What Do I Fear Most?
Treating MS patients: which is most fearful, the medicine or the disease?
My life as a doctor treating patients with MS can be divided into three fundamental tasks:
- Deciding whether or not a patient has MS.
- Treating patients with medications designed to prevent relapses and the progression of disability.
- Treating relapses and the chronic symptoms of MS in patients with an established diagnosis.
I would like to focus on the second of these tasks today. Prior to 1993, there were no FDA approved medications to treat MS. Today, there are seven, and many more are on horizon.
The fist-line agents used to treat MS in most patients (Copaxone, Avonex, Rebif, and Betaseron) have several advantages, and have been on the market for nearly 20 years, providing a long record of effectiveness and experience with potential side effects. In the United States alone, hundreds of thousands of people have taken these medicines with almost no serious, permanent side effects.
Disadvantages of these medications include:
- they are all injections
- they are only partially effective in preventing relapses and disability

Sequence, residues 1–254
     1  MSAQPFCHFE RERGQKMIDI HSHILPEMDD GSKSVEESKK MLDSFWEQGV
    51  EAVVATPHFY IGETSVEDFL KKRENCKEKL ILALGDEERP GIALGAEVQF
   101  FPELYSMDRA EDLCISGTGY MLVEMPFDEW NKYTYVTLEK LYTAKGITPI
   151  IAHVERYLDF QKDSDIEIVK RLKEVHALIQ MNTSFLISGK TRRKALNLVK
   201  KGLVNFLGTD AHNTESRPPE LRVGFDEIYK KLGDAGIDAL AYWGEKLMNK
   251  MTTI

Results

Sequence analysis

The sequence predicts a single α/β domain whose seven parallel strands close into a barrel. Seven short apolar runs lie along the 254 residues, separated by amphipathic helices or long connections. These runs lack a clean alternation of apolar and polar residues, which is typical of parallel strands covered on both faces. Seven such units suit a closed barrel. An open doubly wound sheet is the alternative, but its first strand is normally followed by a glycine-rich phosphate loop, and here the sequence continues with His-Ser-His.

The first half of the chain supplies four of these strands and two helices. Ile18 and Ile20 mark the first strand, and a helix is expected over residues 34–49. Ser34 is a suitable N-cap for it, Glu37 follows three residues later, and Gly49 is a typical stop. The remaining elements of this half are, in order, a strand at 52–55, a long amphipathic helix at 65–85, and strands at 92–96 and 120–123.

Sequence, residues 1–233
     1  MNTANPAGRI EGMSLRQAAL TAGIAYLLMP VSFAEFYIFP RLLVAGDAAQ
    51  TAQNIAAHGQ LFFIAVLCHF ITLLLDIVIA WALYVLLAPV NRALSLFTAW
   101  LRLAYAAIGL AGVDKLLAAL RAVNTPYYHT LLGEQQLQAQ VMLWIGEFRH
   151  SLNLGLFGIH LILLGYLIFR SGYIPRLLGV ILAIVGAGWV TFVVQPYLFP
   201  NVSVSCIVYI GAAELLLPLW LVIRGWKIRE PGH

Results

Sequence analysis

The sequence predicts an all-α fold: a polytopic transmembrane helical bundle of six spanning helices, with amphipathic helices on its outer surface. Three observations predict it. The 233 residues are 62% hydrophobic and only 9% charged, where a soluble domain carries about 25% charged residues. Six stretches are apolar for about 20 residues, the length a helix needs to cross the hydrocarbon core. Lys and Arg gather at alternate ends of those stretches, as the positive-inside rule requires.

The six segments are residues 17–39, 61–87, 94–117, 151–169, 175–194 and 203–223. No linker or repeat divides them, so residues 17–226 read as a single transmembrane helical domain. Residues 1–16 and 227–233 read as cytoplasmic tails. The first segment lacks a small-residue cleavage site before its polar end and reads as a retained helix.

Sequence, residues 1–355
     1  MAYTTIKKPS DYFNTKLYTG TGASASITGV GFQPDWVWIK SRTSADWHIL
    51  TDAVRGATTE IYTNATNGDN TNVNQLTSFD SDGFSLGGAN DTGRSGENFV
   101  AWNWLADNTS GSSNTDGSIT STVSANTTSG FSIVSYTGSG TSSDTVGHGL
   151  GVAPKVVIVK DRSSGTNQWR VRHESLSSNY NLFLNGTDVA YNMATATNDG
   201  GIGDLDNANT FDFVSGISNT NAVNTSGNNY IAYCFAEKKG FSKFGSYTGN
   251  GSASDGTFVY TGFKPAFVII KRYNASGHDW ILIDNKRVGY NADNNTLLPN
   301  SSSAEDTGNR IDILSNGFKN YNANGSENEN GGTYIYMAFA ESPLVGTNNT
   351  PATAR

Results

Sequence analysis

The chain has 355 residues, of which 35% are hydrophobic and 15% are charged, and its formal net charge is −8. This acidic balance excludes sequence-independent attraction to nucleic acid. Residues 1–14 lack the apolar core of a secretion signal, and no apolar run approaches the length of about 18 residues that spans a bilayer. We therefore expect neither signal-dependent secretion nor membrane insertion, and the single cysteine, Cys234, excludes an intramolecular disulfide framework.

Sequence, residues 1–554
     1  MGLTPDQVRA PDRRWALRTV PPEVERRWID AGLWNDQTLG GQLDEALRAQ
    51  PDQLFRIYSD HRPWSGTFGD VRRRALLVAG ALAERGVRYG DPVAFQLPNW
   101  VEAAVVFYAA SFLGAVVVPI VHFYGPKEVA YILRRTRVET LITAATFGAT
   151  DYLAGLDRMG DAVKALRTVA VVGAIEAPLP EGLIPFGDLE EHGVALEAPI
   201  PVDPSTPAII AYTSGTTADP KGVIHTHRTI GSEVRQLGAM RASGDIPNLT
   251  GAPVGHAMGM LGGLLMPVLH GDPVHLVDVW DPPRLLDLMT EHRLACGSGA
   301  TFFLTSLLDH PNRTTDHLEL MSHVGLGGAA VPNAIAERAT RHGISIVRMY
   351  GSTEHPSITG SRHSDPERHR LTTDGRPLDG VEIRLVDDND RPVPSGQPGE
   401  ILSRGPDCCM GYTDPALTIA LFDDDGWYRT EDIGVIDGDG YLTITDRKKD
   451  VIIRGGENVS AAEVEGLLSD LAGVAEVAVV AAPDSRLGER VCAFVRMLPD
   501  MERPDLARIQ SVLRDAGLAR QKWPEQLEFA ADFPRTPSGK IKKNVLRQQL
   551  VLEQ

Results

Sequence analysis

- they often have bothersome side effects that make them intolerable to many patients
Whenever I start a patient on one of these medicines, I know that I am not going to violate the first rule of medicine: to do no harm.
With some of the newer medications for MS, this is not the case. Certain medications, namely Tysabri, Gilyena, and some of the chemotherapy agents such as Novantrone, may offer more protection against MS. However, these medicines have potentially devastating, even fatal, side effects—which is certainly not the case with the older medications.
Patients and doctors alike are faced with a difficult decision about which medicine is best to take for MS, a situation that will grow more complicated in the next few years as more medicines are approved. Yet, this is a good thing.
As I said earlier, prior to 1993 there were no FDA approved medications to slow down the course of MS. It is better to have many medicines to choose from than none at all, and I have treated many patients with other neurological diseases who would be grateful to have the treatment options available to patients with MS.
In deciding which medication to suggest to a patient newly diagnosed with MS, or when to recommend a switch from one medication to another, I have to ask myself: what do I fear more, the medicine or the disease? Without a crystal ball, this is an impossible question to answer, and doctors’ recommendations vary widely. Ultimately, it is up to each patient, with the advice and guidance of his or her neurologist, to determine which treatment option is best for him or her.